Polishing the Tarnished Jewelry Industry

Mining and Exploration
19/08/2015 09:47

A handful of jewelers are addressing the iniquities of a supply chain that connects the luxury industry with millions of destitute miners digging for gold in atrocious conditions. Becoming certified with Fairtrade not only assumes eliminating child labor and improving working conditions, but miners receive more for their gold (95% instead of 65% of international bullion market price) by shortening the supply chain and through a premium paid to miners who use ethical and ecological practices and follow a transparent supply chain for gold, silver and platinum from small-scale mines in Colombia, Peru and Bolivia.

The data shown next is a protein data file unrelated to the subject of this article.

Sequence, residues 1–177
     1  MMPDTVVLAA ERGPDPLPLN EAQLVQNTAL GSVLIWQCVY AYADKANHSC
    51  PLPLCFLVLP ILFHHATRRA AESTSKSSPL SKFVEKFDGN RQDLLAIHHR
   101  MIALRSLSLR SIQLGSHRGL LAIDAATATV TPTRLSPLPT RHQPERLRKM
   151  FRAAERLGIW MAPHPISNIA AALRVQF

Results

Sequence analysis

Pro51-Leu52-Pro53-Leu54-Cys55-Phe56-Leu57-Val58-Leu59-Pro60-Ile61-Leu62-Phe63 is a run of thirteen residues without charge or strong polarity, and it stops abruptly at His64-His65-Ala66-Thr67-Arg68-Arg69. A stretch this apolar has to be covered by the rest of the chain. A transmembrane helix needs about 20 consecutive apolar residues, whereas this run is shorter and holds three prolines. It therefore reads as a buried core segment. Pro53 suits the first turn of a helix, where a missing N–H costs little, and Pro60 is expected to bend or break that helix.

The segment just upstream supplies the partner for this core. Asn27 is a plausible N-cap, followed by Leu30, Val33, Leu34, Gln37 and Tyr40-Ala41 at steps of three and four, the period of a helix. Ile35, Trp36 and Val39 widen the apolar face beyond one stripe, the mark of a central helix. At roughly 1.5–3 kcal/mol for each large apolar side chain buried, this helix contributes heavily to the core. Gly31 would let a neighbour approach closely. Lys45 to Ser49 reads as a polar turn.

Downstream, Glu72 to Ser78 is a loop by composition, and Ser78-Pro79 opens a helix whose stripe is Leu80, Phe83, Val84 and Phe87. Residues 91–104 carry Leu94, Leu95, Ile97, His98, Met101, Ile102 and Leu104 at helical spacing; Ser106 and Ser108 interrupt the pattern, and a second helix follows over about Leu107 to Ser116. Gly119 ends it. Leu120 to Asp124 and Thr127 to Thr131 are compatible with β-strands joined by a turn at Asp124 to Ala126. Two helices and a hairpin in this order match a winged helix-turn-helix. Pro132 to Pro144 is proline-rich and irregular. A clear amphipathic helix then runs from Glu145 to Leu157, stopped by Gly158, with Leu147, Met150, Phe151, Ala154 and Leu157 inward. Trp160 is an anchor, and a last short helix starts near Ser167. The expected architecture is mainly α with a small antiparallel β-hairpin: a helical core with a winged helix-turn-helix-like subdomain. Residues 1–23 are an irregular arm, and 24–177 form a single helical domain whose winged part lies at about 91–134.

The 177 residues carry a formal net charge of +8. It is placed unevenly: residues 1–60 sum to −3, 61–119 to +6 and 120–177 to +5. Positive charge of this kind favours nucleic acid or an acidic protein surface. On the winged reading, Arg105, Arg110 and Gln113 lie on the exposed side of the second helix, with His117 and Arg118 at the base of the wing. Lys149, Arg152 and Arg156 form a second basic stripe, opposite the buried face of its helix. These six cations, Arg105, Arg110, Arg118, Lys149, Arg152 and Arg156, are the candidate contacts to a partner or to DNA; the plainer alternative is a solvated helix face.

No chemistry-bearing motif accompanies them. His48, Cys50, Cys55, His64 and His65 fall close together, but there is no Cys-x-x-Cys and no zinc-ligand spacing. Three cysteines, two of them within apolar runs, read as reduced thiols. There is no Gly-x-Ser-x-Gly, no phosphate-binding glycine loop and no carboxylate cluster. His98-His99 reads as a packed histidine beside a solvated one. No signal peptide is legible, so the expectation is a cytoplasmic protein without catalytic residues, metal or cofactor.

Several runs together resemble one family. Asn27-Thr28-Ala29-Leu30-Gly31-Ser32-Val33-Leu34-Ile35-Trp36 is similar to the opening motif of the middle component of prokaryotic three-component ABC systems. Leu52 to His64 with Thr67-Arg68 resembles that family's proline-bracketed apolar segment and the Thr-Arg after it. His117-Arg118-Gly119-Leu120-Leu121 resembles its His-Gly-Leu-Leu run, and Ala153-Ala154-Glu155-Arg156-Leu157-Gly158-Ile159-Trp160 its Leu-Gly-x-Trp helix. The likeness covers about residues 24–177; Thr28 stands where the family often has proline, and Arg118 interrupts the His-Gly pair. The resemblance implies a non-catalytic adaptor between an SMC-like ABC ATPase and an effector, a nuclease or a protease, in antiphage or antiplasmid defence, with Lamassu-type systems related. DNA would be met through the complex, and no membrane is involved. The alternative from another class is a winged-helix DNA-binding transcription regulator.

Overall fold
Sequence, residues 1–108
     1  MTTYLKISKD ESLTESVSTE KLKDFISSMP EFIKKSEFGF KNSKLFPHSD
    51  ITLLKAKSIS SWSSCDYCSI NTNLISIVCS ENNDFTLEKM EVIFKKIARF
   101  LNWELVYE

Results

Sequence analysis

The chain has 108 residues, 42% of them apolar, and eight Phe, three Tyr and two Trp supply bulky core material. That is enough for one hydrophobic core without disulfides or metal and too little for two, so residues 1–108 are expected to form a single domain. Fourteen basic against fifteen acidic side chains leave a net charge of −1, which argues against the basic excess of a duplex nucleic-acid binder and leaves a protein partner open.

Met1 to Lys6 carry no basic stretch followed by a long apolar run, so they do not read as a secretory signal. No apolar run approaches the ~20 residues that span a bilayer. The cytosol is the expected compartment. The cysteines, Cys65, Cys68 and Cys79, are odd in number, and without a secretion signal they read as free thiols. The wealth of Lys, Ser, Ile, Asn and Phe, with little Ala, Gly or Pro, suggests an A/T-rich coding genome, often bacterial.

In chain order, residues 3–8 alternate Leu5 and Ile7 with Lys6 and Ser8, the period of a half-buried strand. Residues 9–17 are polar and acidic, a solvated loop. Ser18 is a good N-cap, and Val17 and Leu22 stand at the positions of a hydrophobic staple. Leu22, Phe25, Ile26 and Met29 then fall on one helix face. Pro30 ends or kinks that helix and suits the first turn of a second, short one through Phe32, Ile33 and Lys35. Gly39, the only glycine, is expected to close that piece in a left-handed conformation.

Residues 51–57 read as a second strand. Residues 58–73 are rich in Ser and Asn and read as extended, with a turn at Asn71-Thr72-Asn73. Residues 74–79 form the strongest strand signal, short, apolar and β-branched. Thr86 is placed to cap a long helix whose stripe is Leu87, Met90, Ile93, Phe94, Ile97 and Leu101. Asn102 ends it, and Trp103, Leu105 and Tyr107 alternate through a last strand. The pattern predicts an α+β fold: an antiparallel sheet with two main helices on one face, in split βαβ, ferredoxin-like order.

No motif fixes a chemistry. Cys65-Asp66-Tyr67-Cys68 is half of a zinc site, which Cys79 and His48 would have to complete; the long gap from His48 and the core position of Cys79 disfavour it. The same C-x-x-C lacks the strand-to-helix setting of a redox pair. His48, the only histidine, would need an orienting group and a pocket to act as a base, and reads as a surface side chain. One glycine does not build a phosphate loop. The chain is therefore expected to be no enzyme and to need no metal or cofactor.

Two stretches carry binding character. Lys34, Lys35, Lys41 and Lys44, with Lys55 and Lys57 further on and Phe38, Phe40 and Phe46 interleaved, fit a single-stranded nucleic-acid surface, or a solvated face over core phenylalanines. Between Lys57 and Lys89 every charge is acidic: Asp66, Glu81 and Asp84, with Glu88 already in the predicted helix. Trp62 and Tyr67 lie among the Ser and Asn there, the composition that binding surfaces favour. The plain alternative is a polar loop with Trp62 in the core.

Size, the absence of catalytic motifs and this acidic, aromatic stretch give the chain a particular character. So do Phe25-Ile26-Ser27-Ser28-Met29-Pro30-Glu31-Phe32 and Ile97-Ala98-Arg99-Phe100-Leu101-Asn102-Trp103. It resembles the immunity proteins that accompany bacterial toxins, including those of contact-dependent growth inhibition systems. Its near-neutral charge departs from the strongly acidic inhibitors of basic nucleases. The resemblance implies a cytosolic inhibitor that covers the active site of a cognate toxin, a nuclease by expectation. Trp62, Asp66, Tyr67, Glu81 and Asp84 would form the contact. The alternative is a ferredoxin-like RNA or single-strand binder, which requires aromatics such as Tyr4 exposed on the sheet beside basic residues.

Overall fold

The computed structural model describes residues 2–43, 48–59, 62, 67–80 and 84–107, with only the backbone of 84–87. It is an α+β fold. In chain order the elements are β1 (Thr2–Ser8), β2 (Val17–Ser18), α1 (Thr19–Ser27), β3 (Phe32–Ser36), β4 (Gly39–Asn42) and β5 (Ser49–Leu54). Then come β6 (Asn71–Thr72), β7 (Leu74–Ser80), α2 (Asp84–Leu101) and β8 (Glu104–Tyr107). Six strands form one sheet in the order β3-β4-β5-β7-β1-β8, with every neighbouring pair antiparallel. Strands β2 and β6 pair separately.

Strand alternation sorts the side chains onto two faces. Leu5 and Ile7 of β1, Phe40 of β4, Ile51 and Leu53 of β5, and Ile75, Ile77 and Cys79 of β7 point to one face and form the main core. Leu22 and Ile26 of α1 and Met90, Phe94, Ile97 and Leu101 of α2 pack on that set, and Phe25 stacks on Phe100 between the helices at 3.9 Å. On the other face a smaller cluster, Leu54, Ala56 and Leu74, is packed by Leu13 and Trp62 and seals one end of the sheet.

Alan Frampton, owner of Cred Jewellery: “It’s a failure of leadership of the jewellery industry, really, that they haven’t wanted to improve the professionalism of their supply chain management. Yes, it’s difficult but it’s not that difficult. A little brand like Cred did it as far back as 2004 and all on our own, not part of some huge luxury conglomerate with infinite resources. The jewellery industry is 25 years behind other industries in transparency and traceability,” Frampton adds. According to Fairtrade International, there are 25 to 30 million artisanal and small-scale miners around the world making up 90% of the world’s labour force in gold extraction. Most barely eke out an existence while doing one of the most backbreaking and dangerous jobs to provide raw materials for luxury goods produced by fashion and jewellery brands. “Lets not beat around the bush, it’s indentured slavery,” Frampton goes on. “Most of them earn around $1 to $2 a day. What really bothers me is that you see these fancy jewellery shops in Europe with fabulous pieces of jewellery, but actually, the stories behind them are not very nice."